Musk even appeared to be taking aim at Orion, the NASA crew spacecraft being built by Lockheed Martin. While Orion was originally targeted for cancellation by the Obama Administration, along with the rest of Constellation, in its budget proposal, Orion was saved as the “Multi-Purpose Crew Vehicle” in the NASA authorization bill. The first flight of Orion, though, would be no sooner than 2013, assuming NASA signs off on a proposal by Lockheed Martin to perform an uncrewed test flight on a Delta 4 Heavy rocket, as Orion’s original launch vehicle, the Ares 1, did not survive this year’s NASA debate.

“It’s a milestone on the path to realizing the first commercial human spaceflight capability,” said Brett Alexander, president of the Commercial Spaceflight Federation.

“Dragon has arguably more capability than Orion,” Musk claimed. The two vehicles have approximately the same pressurized volume, while Dragon has a heat shield that Musk claimed could handle the reentry velocities of a spacecraft returning from Mars. “Basically, anything Orion can do Dragon can do,” he said, adding that he hopes that NASA would consider Dragon for any missions it might plan using Orion.

Regardless of Dragon’s capabilities vis-à-vis Orion, commercial spaceflight supporters seized on the successful flight as evidence that private firms can develop vehicles capable of crewed missions, at arguably a fraction of the cost of traditional government-developed vehicles. “It’s a milestone on the path to realizing the first commercial human spaceflight capability,” said Brett Alexander, president of the Commercial Spaceflight Federation, in a statement. “It’s historic in that it’s the beginning of a paradigm shift from a government human spaceflight architecture to one that opens up human spaceflight to the private sector.”

While SpaceX received plenty of praise, the company, and the overall concept of commercial human orbital spaceflight, will continue to receive plenty of scrutiny in the months and years to come. Congressman Ralph Hall (R-TX), selected last week by fellow House Republicans to be the chairman of the House Science and Technology Committee in the next Congress, remained skeptical of the ability of private companies to carry out such missions.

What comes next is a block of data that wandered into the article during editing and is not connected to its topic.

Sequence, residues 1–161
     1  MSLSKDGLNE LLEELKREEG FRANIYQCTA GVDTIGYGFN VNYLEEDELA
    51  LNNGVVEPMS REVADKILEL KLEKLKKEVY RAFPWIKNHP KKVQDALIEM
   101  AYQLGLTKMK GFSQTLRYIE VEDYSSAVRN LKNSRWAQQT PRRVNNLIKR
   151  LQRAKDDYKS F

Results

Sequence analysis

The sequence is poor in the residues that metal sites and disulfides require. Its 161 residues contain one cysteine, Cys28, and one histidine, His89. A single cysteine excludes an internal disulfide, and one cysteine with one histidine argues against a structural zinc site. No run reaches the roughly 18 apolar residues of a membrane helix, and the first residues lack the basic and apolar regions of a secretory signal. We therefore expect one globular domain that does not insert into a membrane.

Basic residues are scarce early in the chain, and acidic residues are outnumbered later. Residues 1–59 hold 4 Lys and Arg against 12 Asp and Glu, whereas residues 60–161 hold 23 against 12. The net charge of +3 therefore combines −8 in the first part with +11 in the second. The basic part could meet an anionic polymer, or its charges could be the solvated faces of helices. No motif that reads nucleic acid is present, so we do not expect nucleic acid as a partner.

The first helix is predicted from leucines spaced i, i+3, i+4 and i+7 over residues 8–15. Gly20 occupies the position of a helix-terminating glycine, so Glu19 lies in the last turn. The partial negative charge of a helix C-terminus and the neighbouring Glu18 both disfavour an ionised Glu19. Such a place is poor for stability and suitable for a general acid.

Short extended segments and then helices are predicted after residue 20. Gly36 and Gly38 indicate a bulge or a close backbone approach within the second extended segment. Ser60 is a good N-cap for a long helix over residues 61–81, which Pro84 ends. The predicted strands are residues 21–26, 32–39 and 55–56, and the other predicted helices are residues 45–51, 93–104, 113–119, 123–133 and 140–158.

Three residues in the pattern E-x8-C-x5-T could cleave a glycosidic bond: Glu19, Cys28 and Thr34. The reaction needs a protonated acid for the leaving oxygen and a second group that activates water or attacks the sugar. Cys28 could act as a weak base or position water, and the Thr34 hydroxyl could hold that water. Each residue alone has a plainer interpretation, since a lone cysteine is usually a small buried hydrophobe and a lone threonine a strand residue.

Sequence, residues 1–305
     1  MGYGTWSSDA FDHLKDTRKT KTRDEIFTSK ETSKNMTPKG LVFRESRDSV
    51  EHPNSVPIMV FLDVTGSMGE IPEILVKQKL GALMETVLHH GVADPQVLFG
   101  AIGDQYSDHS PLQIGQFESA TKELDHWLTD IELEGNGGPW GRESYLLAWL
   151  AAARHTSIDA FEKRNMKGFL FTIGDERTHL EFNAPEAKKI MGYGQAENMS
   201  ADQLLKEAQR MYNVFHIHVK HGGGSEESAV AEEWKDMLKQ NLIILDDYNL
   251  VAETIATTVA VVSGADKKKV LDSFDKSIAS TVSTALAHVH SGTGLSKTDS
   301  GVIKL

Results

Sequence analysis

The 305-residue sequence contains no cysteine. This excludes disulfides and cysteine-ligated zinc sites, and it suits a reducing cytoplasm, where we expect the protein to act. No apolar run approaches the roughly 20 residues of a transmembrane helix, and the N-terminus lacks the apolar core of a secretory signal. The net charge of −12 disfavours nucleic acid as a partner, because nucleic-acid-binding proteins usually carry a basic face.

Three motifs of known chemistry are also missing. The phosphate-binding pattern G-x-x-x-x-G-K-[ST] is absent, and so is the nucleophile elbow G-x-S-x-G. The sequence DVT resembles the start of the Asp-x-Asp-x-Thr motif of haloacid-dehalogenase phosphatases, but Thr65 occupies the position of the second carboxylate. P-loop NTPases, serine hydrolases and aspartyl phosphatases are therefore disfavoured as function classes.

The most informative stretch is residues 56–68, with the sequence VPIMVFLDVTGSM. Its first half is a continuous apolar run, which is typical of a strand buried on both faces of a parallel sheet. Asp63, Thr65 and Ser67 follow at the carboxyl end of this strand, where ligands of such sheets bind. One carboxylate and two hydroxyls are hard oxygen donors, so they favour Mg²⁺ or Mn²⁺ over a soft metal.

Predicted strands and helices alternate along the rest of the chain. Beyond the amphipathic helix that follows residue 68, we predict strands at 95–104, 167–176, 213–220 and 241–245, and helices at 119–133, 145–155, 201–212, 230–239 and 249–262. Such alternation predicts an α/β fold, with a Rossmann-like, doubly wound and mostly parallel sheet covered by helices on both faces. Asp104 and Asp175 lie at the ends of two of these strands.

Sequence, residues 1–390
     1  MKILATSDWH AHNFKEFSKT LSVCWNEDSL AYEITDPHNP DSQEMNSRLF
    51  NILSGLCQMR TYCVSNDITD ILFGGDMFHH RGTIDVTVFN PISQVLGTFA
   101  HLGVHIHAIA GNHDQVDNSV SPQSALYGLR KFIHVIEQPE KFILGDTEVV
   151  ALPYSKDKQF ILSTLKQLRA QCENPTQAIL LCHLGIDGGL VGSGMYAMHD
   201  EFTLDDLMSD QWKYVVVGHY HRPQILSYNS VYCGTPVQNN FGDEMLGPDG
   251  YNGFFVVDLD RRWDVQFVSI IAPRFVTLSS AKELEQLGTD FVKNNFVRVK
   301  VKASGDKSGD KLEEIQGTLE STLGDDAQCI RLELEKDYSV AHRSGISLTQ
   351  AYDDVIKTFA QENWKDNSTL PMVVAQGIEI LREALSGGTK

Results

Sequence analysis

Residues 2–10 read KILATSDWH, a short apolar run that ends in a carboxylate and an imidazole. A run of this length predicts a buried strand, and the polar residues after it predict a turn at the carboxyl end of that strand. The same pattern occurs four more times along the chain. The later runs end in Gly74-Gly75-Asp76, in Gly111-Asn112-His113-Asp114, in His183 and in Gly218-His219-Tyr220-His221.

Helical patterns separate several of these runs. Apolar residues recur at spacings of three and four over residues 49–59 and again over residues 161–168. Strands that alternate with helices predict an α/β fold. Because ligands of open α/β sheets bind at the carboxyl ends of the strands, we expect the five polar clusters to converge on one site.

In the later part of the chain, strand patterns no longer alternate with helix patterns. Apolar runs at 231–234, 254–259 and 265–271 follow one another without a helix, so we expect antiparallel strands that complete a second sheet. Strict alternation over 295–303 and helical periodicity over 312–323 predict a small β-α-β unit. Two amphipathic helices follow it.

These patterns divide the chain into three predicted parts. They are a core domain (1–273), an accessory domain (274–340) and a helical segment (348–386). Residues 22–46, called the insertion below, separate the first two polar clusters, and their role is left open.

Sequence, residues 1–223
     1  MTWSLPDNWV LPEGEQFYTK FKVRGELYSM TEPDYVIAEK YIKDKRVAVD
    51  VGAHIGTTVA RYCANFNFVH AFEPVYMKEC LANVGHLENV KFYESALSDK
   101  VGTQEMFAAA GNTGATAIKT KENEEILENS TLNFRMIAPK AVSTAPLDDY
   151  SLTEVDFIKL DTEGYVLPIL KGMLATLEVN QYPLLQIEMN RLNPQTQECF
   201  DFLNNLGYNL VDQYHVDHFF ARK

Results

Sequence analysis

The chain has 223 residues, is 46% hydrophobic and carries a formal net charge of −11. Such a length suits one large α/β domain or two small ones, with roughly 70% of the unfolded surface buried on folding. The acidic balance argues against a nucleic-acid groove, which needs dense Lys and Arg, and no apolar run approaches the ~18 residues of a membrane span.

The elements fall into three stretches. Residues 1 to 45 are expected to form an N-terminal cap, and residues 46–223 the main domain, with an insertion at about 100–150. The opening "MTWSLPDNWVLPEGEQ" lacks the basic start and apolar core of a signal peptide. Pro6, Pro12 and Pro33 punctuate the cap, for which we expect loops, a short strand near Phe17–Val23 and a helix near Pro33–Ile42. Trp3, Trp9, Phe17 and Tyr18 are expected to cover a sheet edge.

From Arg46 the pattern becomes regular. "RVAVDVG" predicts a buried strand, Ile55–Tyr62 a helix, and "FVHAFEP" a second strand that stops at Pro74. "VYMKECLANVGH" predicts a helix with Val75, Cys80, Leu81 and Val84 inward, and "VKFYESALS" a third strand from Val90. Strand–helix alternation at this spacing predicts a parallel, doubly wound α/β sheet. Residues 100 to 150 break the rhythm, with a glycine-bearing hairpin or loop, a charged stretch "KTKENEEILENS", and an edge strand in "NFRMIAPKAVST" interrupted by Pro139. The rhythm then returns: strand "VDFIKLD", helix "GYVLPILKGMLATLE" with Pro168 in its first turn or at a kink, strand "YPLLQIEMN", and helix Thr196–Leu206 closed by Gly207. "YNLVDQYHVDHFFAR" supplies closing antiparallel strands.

“If you’re really a conservative you long for the day when anybody… can launch their own missiles and not have NASA, the government, do it. But that day’s not yet,” he told Dallas radio station KERA on Friday. “It’s a time when you still need government backing and sure tax money to see that you have successful launches and safe launches.” Hall also told the Dallas Morning News that he would ask Musk to testify at a future committee hearing.

Others question just how “commercial” such systems could really be. “I think one of the worst things that happened in managing this revolutionary proposal with respect to human spaceflight is to call the transportation service ‘commercial,’” John Logsdon, the former director of the Space Policy Institute at George Washington University, said in a space policy forum earlier this month hosted by the Marshall Institute. “There is no obvious market” right now for crewed flights beyond NASA’s needs, he claimed, and allowing that question to dominate the policy debate “is one of the policy failures of the last year.”

While questions of business viability remain, last week’s test may help put to rest questions about the ability of commercial ventures to develop such systems from a technical standpoint: after all, if a relatively inexperienced company like SpaceX can successfully develop such a system, it makes it all the more likely that more experienced companies also interested in this market can do so as well. Should commercial crew transportation systems enter service in the next several years, people may look back and see 2010 as a tipping point that made those systems possible, thanks to a shift in policy, renewed business interest, and one flight of a Dragon.